Friday, February 14, 2014

A Portuguese Love Story

Monastery of Alcobaça
A World Heritage Site

In honor of Valentine's Day, I want to retell one of the most bizarre love stories I have ever come across in my travels.  While touring this beautiful monastery in Portugal, a masterpiece of Gothic Cistercian art and architecture, we came across two elaborately carved coffins containing the remains of Queen Ines de Castro and King Peter I.

Ines was the cousin and maid of the Infanta Constance of Castile who was married to Peter, the son of King Alfonso IV.  Peter fell madly in love with her, much to the chagrin of the king and the entire court.  When his wife died he wanted to marry her, but she was deemed unworthy of such a title.  Alfonso tried to arrange several appropriate marriages for his wayward son, but he turned them all down.  He decided the only way to squelch this infatuation was to have Ines murdered.

Peter became the King of Portugal in 1357 and sought his revenge.  He stated that he and Ines had been secretly married; therefore, she was the rightful queen.  He hunted down her assassins and had them publicly executed and ripped out their hearts, claiming that is what they had done to him.  Not only that, but he had her corpse exhumed and propped up on the throne.  He made the entire court kiss her rotting hand as a sign of allegiance.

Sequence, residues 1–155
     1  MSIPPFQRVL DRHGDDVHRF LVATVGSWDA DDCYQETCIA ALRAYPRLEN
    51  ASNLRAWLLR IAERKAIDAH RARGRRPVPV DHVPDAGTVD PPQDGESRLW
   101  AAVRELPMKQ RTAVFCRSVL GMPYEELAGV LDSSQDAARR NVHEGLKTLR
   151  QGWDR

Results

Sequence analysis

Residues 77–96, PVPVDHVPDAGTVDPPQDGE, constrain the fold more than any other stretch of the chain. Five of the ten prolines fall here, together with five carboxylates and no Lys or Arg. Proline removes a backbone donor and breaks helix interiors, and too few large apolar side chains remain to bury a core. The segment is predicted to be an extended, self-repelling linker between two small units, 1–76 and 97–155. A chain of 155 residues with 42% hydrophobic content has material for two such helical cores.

The tombs face each other so that on Judgment Day, the two lovers will rise and be reunited forever.  As you can see above, the coffins are exquisitely carved with scenes of their lives and Christian symbolism.

This story was an extra bonus, as we had never heard of it before our arrival here.  Our then 17-year-old son was with us and I'll never forget his reaction to both the macabre story and the church itself.  "I feel like I'm inside a video game!"  It really brought history alive for him.

Happy Valentine's Day!

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